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Mimi Roberts is a passionate advocate for cultural equity and is honored to serve as Project Manager for the Manitos Community Memory Project. Prior to her retirement from the New Mexico Department of Cultural Affairs in 2018, she administered a cultural technology internship program that prepared Media Arts majors from New Mexico Highlands University for professional careers in New Mexico's cultural and creative economy, helped develop a makerspace program for rural public and tribal libraries, and worked in support of initiatives to accelerate technology adoption throughout the Department. She freelances as an arts researcher, writer, and editor and in her other areas of expertise, including museum exhibition and program development, multi-institutional collaborations, and traveling exhibitions. She is immediate past president of the New Mexico Association of Museums.
Ay Mi Corazon – Lávate las Manos

Ay Mi Corazon – Lávate las Manos

Bien dice el dicho que una mano no se lava sola. It is true what is said, that one hand washes the other and now, more than ever that practice is imperative. This saying is also one that is evoked to recognize that we need each other, particularly in moments like this. As a part of the Manitos Community Memory Project, we asked Dr. David Garcia (Da Vid), one of our key partners, to help us create a hand washing…

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A Hidden Gem in Albuquerque

A Hidden Gem in Albuquerque

As New Mexico’s governor undertakes to improve our state’s educational system, understanding the winding road that has taken us to the present day becomes both more relevant and timely. Education history is an important topic we hope to incorporate into the Manitos Community Memory Project digital archive. Remembering can also provide cultural and historical context for these latest educational reform efforts. An important part of educational history for Manitos is the missionary efforts of Presbyterians, especially women, who raised money…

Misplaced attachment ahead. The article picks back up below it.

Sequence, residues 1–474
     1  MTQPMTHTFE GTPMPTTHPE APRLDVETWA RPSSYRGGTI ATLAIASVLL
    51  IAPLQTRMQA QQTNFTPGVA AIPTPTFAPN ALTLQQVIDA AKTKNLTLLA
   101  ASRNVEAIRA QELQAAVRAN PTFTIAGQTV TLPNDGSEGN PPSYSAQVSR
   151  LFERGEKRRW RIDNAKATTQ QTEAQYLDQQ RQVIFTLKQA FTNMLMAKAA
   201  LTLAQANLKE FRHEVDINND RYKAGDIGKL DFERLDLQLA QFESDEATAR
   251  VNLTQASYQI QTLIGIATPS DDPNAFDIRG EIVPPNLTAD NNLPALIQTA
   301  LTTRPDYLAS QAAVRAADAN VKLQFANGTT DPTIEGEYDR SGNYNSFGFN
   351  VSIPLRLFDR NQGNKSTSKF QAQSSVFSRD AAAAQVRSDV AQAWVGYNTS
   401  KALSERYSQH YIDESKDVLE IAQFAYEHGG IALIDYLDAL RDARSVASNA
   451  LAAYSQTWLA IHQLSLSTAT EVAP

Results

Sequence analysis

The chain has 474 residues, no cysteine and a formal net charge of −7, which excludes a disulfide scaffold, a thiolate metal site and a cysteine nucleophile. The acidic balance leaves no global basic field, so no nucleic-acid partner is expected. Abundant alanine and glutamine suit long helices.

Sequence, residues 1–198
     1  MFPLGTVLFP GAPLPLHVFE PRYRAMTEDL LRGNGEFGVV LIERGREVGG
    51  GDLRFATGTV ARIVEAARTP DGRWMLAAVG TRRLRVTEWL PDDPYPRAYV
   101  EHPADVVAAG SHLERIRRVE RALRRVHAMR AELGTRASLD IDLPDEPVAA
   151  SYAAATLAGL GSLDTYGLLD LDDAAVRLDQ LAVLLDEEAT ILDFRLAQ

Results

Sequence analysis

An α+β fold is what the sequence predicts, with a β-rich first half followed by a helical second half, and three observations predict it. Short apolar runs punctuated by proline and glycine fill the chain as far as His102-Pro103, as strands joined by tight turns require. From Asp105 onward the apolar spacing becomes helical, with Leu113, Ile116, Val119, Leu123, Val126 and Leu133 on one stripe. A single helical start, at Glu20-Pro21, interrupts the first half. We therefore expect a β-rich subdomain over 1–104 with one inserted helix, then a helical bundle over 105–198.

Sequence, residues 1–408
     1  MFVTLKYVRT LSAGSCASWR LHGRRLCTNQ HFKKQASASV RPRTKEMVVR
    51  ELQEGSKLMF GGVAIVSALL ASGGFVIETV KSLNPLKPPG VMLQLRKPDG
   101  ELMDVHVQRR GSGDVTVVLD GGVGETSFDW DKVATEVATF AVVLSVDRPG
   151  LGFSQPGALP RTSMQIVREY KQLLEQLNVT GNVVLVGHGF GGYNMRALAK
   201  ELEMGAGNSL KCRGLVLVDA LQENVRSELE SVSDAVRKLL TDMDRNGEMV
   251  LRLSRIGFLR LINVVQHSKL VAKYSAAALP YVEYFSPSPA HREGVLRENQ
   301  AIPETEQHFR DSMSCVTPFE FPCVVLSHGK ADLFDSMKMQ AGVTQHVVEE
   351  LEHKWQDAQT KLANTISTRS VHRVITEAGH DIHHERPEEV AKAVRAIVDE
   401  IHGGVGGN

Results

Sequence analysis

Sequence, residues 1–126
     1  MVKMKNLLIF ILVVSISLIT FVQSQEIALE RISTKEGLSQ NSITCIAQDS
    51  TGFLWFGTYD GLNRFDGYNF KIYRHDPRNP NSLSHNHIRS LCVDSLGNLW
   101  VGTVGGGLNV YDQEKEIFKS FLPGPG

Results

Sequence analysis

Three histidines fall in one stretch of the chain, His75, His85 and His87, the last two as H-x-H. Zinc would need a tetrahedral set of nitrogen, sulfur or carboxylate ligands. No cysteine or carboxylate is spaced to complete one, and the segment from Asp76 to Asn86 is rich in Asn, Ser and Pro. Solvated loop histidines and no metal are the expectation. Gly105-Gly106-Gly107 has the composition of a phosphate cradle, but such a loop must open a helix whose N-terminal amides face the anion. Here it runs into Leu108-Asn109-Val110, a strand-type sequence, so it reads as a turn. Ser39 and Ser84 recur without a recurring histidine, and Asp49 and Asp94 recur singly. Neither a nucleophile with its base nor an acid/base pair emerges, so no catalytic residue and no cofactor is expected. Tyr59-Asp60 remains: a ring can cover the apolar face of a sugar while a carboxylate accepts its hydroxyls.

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Manit@ Migrations Stories

Manit@ Migrations Stories

Since we first launched this project, we have begun to hear remarkable stories of the migrations of manitos and manitas. We have also begun to gather data from families in order to more fully visualize these journeys, exploring when people left and where their travels took them. Over the course of this project, we will dedicate a blog entry to as many stories as we are able to gather. Please return to the site to read as we continue to…

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Rural Libraries as Sites for Community Memory

Rural Libraries as Sites for Community Memory

There’s something magical about entering rural libraries. They are warm and inviting community spaces crammed with books. Like their urban counterparts these small but mighty institutions are taking on new roles in the digital world. Computer terminals provide connection to all kinds of online information and are collecting points for community memory. The first computerized system to use the term “Community Memory” was invented in Berkeley in 1973. It was a simple electronic bulletin board that allowed users to send…

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Dancing Her-Story

Dancing Her-Story

In this post, we reveal how there are many ways to tell a story. In this instance, we share how a memory that is passed from generation to generation is taken up by the writer, who inspires the choreographer. Each telling building upon the last, developed to sustain the power of memory and history.

Welcome to the Manitos Digital Resolana

Welcome to the Manitos Digital Resolana

The Manitos Digital Resolana is a virtual gathering space for manitos, as people from rural northern New Mexico and southern Colorado call themselves. In many villages throughout this region, the resolana is the sunny side of a building, where people congregate to converse and share knowledge and wisdom. This Digital Resolana will serve as a space for people from these rural communities and their urban diasporas, where people connected to these villages now live, to reconnect, recollect, record, and reflect…

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